The democratic forces should unite against fascism and oppose reaction’s campaign for a presidential system. It was important for us to remain faithful to principles, in order to reinforce the strength and the fighting ability of the Party. I called for an immediate cease fire in Algeria, for the prolonging of the war undermined the republican system, was favorable to the attacks against democratic liberties, and furnished a springboard for the undertakings of rebellious politicians and politicians.
It wasn’t to take long for events to justify the conclusions of our congress.
The Socialist proconsul Guy Mollet, the ultra’s man in Algiers, never ceased affirming that we were in the “final quarter hour.” But from final quarter hour to final quarter hour the war in Algeria continued, with its train of massacres and horrors.
Starting in August, a press campaign had been unleashed by the government in order to prepare French opinion for an attack on Egypt. Inflicting a defeat on Nasser seemed to Guy Mollet a means of being done with war in Algeria. On October 30, along with Anthony Eden, he sent an ultimatum to the government of Egypt. The expeditionary force was to be installed at Port-Said, Ismailia and Suez, in order to control the key points of the canal, nationalized by Nasser in July. Under the pressure of world opinion the operation failed. The expeditionary force had to re-embark, which didn’t keep Guy Mollet from declaring that “the military objectives have been obtained.”
It was against the French Communists that Guy Mollet was to try to get his revenge following the events in Hungary.
After the collapse of Hitlerism the Hungarian people had established the foundations of a socialist system. But errors in economic organization, and errors that compromised the links between the government and the popular masses had been committed by the former leadership of the Worker’s Party. In addition, a clique of traitors, grouped around Nagy, took advantage of the circumstances to openly play the enemy’s game and deliver Hungary to the counter-revolution, which had been plotting in the shadows. In fact, reactionary elements had maintained ties in a country that had suffered for a quarter of a century — from 1920-1945 — the fascist dictatorship of Horthy. Under slogans aimed at fooling the people, Hungarian fascists in Budapest massacred militant Communists, sacked Party offices, burned books, and attacked public buildings...Some of these fascists were to participate as activists in the plot of Algiers, as well as in attacks against worker’s organizations in France.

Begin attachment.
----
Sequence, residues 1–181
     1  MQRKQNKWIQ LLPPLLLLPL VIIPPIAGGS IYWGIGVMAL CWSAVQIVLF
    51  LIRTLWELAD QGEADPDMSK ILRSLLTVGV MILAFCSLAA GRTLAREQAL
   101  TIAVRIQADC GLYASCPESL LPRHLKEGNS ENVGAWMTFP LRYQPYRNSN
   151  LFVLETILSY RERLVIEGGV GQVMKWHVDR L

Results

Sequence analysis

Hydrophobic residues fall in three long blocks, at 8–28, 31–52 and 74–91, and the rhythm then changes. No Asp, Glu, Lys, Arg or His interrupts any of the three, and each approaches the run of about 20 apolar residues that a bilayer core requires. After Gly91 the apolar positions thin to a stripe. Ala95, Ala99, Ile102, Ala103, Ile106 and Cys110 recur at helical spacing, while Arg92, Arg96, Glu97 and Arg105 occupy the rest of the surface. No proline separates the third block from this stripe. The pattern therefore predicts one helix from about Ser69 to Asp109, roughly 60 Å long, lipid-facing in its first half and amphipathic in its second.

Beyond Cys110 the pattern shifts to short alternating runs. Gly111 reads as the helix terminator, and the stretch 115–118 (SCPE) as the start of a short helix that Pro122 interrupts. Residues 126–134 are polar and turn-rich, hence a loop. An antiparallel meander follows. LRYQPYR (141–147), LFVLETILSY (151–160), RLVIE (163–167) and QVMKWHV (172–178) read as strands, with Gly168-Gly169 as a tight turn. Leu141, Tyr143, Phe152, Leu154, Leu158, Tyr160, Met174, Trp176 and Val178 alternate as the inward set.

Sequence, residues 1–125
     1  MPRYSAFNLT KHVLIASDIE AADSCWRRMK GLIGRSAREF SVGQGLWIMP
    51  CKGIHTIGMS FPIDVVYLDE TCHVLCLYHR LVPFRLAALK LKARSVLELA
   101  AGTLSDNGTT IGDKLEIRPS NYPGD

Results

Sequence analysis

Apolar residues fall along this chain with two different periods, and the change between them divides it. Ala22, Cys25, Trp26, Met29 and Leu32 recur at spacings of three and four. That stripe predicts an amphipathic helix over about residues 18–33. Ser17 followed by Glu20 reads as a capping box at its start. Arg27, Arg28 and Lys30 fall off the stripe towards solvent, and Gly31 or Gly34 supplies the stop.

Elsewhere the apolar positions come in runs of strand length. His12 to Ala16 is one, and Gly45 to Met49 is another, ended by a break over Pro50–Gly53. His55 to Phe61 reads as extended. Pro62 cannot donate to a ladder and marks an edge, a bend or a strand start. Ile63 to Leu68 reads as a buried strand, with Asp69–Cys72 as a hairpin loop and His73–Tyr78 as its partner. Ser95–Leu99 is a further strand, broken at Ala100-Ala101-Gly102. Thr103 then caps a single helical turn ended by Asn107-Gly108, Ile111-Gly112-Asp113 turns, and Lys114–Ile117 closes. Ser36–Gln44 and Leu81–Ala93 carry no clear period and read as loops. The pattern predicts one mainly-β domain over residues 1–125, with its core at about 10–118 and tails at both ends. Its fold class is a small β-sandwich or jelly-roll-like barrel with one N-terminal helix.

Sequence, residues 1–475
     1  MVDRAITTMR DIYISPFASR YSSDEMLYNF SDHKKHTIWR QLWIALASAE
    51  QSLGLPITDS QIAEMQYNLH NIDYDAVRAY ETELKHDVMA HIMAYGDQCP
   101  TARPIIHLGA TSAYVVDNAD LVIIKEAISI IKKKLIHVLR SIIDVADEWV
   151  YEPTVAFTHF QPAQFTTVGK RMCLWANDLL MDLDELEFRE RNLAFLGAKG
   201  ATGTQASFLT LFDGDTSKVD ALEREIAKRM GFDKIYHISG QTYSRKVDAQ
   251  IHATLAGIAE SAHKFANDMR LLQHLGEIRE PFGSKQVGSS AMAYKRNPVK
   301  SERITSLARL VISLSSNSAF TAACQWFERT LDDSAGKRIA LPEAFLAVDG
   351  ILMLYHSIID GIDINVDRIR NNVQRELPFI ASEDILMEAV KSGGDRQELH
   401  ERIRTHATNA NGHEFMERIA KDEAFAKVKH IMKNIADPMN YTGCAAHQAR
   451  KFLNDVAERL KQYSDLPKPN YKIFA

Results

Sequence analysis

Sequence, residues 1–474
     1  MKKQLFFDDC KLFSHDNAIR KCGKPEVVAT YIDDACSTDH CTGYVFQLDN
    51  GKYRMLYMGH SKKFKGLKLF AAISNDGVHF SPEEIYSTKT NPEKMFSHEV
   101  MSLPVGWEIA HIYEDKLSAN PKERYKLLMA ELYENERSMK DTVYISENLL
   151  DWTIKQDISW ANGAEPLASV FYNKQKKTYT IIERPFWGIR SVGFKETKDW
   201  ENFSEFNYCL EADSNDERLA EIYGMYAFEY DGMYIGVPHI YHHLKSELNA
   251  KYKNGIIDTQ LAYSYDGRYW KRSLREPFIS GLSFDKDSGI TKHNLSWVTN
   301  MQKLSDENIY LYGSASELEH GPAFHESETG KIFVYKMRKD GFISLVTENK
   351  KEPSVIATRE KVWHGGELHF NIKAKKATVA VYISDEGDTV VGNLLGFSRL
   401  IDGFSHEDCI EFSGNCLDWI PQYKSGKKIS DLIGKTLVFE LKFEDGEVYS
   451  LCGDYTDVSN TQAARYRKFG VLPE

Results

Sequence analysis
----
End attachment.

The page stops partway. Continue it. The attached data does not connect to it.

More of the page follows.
The return of the capitalists and the large landowners, the reconstitution of a reactionary and revanchard base in the heart of the Danube basin, the threat of aggression against the socialist states and of war in Europe: such was the program of Hungarian counter-revolution, encouraged from without by the imperialist powers — in the first place by American imperialism — and acting within by trickery, violence, and betrayal of the national interests. By responding — in conformity with the Warsaw pact — to the call for assistance sent out by the worker and peasant government of Budapest, in lining up at the side of the workers of Hungary, in aiding them in putting down fascist barbarism, the Soviet Union was being faithful to the principles of proletarian internationalism. The Red Army fulfilled its class obligations.
We had alerted the masses against the Suez adventure; we had opposed it in the national Assembly.
Using as a pretext the events in Budapest, fascist bands, encouraged by the attitude of the Mollet government and the furious press campaign it carried out against us, attacked the seat of the French Communist Party. They sought to set it on fire, and assaulted the offices of L'Humanité. Our comrades stood up to these screaming hordes, and the fascists were pushed back everywhere.
The Socialist government of Guy Mollet forbade our Party’s traditional meeting to commemorate the October Revolution.: it was the first time that such a ban had been issued. That day, several dozen Socialists attempted to organize a demonstration near the embassy of the USSR. That attempt failed miserably.
Before the Central Committee I reminded everyone that fascism and war were inseparable. I explained how the events in Hungary had unfurled. I spoke of the “hours heavy with threats” that the working class was passing through, and one more time called for the popular forces to unite to ward off these forces and prevent fascism from passing.
1. Mery and Serge Bromberger, in their book Les 13 Complots de 13 Mai (page 202) give these details: “ The bulk of the activist forces are made up of vaternas of Indochina, which amount to 1500 shock demonstrators, well-led, armed if necessary, inclding 300 Hungarians. A good number of them went to Budapest to fight the other year, or are escapees of the fight.”